Imagine a sedentary 30-year-old woman of average height weighing 150 pounds. According to the 3,500 calorie rule, if she eliminated 500 calories from her daily diet, she would lose a pound a week or 52 pounds a year. In three years, she would disappear. She would go from 150 pounds to -6. Obviously, that doesn’t happen. Instead, as you can see in the chart below and at 4:33 in my videoin the first year, probably lose He weighed 32 pounds, not 52. Then, after a total of three years, he would probably stabilize at about 100 pounds. This is because it takes fewer calories to exist as a thin person.

Part of this is “simple mechanics”: more energy is needed. required to move a heavier mass, in the same way that a Hummer requires more fuel than a compact car. Think about how much more effort it would take to simply get out of a chair, cross the room, or climb some stairs if you were carrying a 50-pound backpack. Even when you are at rest, fast asleep, there is simply less of your body to maintain as you lose weight. Every kilo of fat tissue lost can mean one kilometer less blood vessels through which the body has to pump blood every minute. Therefore, basic maintenance and movement of leaner bodies consumes fewer calories. As you lose weight by eating less, you end up needing less. That’s what the 3,500 calorie rule doesn’t take into account.

Imagine it another way: A 200-pound man starts consuming 500 more calories a day, perhaps by drinking a large soda or eating two donuts. According to the 3,500 calorie rule, in ten years he would weigh more than 700 pounds. That doesn’t happen because, the heavier he is, the more calories he burns just by existing. If you’re 100 pounds overweight, it’s like there’s a skinny person inside you trying to walk around swinging 13 gallons of oil or dragging a sack filled with 400 sticks of butter. As you can see in the graph below and at 6:13 in my videohe you accept about two donuts of extra energy just to live at 250 pounds, so that’s where you’d plateau if you kept up that pace. Given a certain calorie excess or deficit, weight gain or loss is a curve that flattens over time, rather than a straight line up or down.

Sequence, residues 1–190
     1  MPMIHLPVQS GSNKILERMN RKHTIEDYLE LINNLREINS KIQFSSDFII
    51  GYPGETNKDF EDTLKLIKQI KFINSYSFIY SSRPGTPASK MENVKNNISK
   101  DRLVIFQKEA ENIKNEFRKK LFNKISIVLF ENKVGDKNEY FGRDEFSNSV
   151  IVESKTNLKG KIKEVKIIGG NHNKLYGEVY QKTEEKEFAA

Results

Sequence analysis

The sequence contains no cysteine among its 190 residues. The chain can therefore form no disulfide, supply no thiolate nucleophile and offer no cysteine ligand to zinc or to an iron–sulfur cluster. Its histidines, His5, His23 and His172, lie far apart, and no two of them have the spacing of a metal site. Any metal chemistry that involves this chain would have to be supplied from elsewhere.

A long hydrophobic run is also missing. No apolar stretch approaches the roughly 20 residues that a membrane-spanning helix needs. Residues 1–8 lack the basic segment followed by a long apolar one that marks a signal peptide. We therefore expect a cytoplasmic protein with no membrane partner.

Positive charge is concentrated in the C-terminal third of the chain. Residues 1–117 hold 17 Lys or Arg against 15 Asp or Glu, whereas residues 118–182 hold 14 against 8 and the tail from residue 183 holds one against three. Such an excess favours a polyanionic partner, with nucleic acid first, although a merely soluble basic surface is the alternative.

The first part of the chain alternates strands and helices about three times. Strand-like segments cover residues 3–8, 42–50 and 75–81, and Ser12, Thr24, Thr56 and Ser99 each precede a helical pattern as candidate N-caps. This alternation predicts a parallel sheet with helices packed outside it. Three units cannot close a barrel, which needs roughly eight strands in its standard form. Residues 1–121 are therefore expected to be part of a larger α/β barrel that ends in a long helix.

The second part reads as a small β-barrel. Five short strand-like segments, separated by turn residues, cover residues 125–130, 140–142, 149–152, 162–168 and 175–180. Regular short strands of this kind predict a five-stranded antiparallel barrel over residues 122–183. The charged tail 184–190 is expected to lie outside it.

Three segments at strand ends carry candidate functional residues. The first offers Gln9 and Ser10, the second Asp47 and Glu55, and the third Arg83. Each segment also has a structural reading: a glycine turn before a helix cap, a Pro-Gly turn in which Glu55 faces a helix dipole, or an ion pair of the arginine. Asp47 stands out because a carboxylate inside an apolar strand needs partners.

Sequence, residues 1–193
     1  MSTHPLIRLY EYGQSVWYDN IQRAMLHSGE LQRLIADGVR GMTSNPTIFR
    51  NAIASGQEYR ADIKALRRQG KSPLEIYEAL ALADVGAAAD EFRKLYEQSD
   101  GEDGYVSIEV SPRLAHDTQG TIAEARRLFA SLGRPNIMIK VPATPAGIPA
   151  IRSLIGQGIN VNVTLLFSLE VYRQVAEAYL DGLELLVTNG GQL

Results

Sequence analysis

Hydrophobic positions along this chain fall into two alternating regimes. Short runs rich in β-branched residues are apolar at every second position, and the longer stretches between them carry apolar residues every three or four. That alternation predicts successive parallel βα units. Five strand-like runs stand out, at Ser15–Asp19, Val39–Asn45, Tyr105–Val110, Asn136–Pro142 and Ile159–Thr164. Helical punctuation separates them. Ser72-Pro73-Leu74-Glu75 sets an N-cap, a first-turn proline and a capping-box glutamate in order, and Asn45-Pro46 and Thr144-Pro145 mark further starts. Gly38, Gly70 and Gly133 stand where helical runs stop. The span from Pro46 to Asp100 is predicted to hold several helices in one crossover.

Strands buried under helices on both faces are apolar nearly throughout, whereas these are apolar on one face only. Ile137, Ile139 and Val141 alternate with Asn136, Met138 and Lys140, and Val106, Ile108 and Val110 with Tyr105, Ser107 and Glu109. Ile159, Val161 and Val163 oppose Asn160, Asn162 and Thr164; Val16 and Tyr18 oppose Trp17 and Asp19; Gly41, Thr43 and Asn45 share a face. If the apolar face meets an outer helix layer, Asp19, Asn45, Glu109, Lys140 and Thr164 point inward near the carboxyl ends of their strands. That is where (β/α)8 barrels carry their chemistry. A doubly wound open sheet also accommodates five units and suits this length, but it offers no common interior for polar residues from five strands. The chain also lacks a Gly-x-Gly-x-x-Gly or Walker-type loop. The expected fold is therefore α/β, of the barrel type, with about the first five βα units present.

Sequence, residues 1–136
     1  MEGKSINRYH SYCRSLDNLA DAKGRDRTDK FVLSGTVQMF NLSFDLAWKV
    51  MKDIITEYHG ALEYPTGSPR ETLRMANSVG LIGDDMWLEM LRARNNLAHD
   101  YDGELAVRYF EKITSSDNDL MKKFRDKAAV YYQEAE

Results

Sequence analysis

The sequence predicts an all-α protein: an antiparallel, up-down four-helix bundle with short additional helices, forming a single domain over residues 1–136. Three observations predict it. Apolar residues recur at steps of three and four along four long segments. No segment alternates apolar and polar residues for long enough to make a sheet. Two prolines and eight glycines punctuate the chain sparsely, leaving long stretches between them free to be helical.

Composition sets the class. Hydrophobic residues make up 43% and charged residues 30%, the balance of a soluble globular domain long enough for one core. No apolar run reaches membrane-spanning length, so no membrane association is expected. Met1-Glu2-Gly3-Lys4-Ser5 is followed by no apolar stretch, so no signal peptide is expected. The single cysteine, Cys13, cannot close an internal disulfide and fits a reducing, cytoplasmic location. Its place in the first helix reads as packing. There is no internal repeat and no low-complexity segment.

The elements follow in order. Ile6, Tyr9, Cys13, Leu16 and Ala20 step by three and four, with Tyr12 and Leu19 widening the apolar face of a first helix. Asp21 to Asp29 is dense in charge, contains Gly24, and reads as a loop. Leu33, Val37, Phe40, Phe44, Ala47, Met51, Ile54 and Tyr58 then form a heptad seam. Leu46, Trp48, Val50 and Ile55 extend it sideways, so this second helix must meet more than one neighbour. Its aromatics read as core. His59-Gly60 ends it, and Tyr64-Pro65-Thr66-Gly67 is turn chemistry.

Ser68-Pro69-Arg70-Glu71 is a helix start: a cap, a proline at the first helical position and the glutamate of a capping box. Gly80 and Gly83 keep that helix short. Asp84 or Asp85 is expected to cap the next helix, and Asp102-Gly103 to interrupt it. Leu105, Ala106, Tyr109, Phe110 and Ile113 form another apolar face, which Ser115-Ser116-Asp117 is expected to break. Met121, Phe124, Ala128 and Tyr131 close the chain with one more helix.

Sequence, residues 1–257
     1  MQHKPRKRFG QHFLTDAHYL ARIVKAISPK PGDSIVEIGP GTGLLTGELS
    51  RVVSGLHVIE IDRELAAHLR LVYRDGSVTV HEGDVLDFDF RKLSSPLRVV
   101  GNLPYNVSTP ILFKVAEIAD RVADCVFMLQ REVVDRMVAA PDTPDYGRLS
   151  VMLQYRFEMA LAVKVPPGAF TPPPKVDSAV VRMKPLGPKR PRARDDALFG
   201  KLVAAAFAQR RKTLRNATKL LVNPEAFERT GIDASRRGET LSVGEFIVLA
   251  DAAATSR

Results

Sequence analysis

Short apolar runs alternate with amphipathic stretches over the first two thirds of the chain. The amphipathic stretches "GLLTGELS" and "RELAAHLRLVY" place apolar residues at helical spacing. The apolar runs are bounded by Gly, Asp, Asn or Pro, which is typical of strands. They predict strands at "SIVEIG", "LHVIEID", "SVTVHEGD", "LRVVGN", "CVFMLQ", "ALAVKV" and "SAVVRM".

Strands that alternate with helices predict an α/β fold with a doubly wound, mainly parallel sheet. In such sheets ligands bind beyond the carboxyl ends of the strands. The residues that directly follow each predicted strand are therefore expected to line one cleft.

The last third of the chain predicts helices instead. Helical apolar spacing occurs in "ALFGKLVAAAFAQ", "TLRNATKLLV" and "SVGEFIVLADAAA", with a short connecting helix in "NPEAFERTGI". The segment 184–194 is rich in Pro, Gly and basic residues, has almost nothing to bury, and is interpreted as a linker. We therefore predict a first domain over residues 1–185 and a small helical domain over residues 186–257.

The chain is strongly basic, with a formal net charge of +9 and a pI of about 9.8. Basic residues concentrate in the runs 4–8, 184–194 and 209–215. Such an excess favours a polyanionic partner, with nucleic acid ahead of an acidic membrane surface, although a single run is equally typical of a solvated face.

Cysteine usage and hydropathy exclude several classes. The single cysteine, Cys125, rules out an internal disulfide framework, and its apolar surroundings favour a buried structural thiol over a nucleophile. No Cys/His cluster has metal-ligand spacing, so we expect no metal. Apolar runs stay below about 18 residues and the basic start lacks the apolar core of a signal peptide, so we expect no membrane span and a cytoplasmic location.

However, the 3,500 calorie rule keep going arise, even in obesity magazines. Public health researchers used it to calculate how many pounds children could lose each year if, for example, fast-food children’s meals swapped apple slices for French fries. You can see the “Counting Calories in Kids’ Meals” chart below and at 6:39 in my video.

They figurative that two meals a week could add up to about four pounds a year. Researchers funded by the National Restaurant Association were no doubt happy to point out that the real difference probably add less than half a pound, ten times less than the 3,500 calorie rule predicts, as you can see below and at 7:06 in my video. That original article was later withdrawn.


The 3,500 calories per pound rule is incorrect. is the first of 14 videos that are part of my fasting series, on which I conducted two webinars. the videos are on NutritionFacts.orgor you can get them all now in a digital download at intermittent fasting. You may also be interested in my webinars on Fasting and disease reversal and Fasting and cancer.

Other videos in this series are included in related videos below.

Watch other popular videos on weightloss.

I also recently addressed the ketogenic diet.